Canada Will Forgive Minor Cannabis Charges As Legalization Takes Effect
As of 12:00 am last night, cannabis has become legal in Canada. The end of cannabis prohibition marks a momentous occasion for the nation. The Trudeau Administration now has the opportunity to demonstrate how lucrative the legal cannabis industry can be when paired up with a sensible drug policy. The federal government has finally taken an ambitious and heartwarming step in the right direction. The administration recently announced that Canada will forgive minor cannabis charges… But not entirely. Let’s investigate what amnesty for marijuana possession charges really means.
Canada Will Forgive Minor Cannabis Charges, A Sensible Drug Policy
Before legalization, Justin Trudeau was notably vague on the topic of whether or not Canada will forgive minor cannabis charges. In one statement the Prime Minister hinted that minor drug offenders might receive amnesty for marijuana possession charges. However, nothing definitive was proposed and no legislation was tabled.
Earlier today, however, the Federal Liberals placated concerned Canadian’s fears. Public Safety Minister Ralph Goodale announced that Canada will forgive minor cannabis charges, so long as they are related to possession. Another stipulation for these pardons is that applicants must have completed their jail time. This is undoubtedly a disappointment for those currently serving sentences on marijuana possession charges.
Goodale explained that providing amnesty for marijuana possession charges will undoubtedly enhance the lives of Canadians in a post-legalization world.
“As a general principle, removing the stigma of a criminal record for people who have served their sentence and then have shown themselves to be law-abiding citizens enhances public safety for all Canadians.”
What are the Effects of Amnesty for Marijuana Possession Charges?
The fact that Canada will forgive minor cannabis charges will have significant consequences in the lives of former convicts. In addition to facing the stigma associated with a criminal record, ex-cons are restricted from many employment opportunities, thus debilitating them economically. Travel is also an issue, as crossing international borders might not be possible with a criminal charge on one’s record. This is doubly so if one wishes to visit a nation with repressive drug laws.
Presumably, this bill still needs to be drafted as of this article. After this, the lengthy but essential democratic process must be allowed to properly take its course. Despite these setbacks, the Trudeau government believes Canada could see its cannabis convicts forgiven as early as later this year. This is undoubtedly welcome news, however, some very pertinent concerns have arisen regarding the specifics of the proposed bill.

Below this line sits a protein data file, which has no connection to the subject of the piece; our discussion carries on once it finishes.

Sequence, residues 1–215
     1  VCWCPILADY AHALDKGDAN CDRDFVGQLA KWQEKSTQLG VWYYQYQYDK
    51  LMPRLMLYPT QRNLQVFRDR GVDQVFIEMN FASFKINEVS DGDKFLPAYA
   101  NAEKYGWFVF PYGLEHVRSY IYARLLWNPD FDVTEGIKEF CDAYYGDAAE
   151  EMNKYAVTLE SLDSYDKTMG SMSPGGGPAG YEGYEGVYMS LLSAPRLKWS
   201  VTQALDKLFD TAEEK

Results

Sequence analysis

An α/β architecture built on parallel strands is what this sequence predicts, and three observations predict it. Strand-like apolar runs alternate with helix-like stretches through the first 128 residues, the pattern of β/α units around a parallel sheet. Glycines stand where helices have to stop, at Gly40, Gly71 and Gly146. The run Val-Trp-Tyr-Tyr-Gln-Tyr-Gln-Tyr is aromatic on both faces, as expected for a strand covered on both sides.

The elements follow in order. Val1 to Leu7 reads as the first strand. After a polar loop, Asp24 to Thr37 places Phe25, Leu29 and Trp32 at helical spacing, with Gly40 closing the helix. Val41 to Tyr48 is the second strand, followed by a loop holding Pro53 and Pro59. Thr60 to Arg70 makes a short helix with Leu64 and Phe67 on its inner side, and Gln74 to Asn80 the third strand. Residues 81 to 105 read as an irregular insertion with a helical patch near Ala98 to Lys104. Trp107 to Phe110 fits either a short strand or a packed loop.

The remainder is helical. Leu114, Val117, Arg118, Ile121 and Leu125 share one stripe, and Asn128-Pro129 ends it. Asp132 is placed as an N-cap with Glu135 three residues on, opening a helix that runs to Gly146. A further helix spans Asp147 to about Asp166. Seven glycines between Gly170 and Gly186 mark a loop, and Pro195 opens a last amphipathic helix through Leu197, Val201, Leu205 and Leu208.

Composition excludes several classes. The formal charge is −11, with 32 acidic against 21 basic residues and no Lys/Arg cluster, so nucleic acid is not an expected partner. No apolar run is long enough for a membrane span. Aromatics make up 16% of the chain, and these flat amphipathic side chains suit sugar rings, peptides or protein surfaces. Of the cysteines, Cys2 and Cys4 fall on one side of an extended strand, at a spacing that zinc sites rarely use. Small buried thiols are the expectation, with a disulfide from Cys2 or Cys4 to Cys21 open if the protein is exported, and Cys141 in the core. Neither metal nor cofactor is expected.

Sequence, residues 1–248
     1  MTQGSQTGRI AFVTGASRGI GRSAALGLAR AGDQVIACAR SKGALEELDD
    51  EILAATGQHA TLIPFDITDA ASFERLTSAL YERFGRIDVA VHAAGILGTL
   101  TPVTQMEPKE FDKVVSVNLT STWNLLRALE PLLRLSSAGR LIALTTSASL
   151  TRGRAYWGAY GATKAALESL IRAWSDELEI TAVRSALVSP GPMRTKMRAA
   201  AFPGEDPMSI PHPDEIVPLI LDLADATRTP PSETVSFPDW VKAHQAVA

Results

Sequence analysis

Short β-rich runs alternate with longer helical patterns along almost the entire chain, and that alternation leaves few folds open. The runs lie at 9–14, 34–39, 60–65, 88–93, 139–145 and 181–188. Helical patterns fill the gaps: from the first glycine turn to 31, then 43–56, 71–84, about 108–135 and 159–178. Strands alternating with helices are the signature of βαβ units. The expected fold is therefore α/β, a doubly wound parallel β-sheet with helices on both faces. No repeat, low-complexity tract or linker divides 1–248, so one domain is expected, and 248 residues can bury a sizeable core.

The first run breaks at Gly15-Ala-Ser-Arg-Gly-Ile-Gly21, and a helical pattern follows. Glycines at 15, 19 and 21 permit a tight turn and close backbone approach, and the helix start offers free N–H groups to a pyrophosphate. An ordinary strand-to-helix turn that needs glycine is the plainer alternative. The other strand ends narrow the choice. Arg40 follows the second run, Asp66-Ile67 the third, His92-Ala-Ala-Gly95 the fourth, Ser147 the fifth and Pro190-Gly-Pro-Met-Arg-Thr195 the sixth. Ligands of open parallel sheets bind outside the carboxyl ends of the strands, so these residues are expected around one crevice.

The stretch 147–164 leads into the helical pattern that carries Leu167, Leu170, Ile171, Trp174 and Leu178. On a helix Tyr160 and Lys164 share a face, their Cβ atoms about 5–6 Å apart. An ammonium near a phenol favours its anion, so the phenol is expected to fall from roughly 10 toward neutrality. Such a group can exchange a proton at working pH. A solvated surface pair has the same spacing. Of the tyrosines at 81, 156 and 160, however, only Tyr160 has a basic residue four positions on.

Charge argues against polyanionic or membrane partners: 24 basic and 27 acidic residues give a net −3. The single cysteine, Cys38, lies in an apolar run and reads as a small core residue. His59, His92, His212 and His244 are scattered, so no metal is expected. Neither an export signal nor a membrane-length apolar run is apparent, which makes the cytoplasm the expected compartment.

Does the Bill Go Far Enough?
While Canada giving some form of amnesty for marijuana possession charges is welcome news, the bill has a few addendums that might leave a sour taste in one’s mouth.
Curiously, not all possession charges will be applicable for forgiveness under this new legislation. In accordance with Bill C-45, Canadians will only be allowed to carry 30 grams of cannabis on them at any given time. This amount will serve as sort of a retroactive high water mark for forgiveness. In short, Canadians who were convicted of possessing over 30 grams need not apply.
Prior to legalization, Justin Trudeau was adamant on the topic of amnesty for trafficking convictions.
“If somebody is convicted of drug trafficking already, I don’t think they’re going to be rewarded with an opportunity to sell it legally. We’re going to do criminal background checks and make sure that this is being done responsibly.”
Canada will forgive minor cannabis charges and continue to shun ex-criminals guilty of larger offenses; this is evidence that the Trudeau Administration does not completely grasp the concept of legalization.
While trafficking charges and larger possession charges are not to be taken with a grain of salt, these crimes would not have been committed in the first place had cannabis been legal. Possession, trafficking, and drug dealing, all emerged from a failed system of drug prohibition. Getting rid of only the most minor charges is simply a half measure that maintains many of the scars left behind by marijuana prohibition.
Speaking of half-measures, giving amnesty for marijuana possession charges might not mean exactly what you think. What the Trudeau Administration has proposed, is granting pardons to minor cannabis offenders. Essentially, a pardon involves sealing a criminal case while simultaneously granting a sort of nominal forgiveness to an ex-con. However, the charge still remains on this individual’s record, which will make for some very awkward interactions with US border officials.
NDP MP, Murray Rankin, plans to take this policy one step further. The MP tabled a private member’s bill earlier this month that proposed expunging marijuana-related offenses as an alternative to simply granting pardons. The difference between these two options is more than just semantic. The act of expunging involves erasing one’s criminal record entirely as if the crime never existed in the first place. This would go a lot further in undoing the harm caused by cannabis prohibition. Expunging also makes a clear political statement to the international community that the legalization of cannabis in Canada was an abject failure.
Hopefully, the Trudeau Administration will be open to amending their ideas of what giving amnesty for marijuana possession charges truly means. As we enter a new era of sensible drug policy, Canada’s actions might become a blueprint for cannabis hopefuls across the globe such as South Africa, Mexico, and Thailand. Thus Canada must choose its course of action with extreme caution.
Happy legalization day from Stefan at Puff Puff Post!
By: Stefan Hosko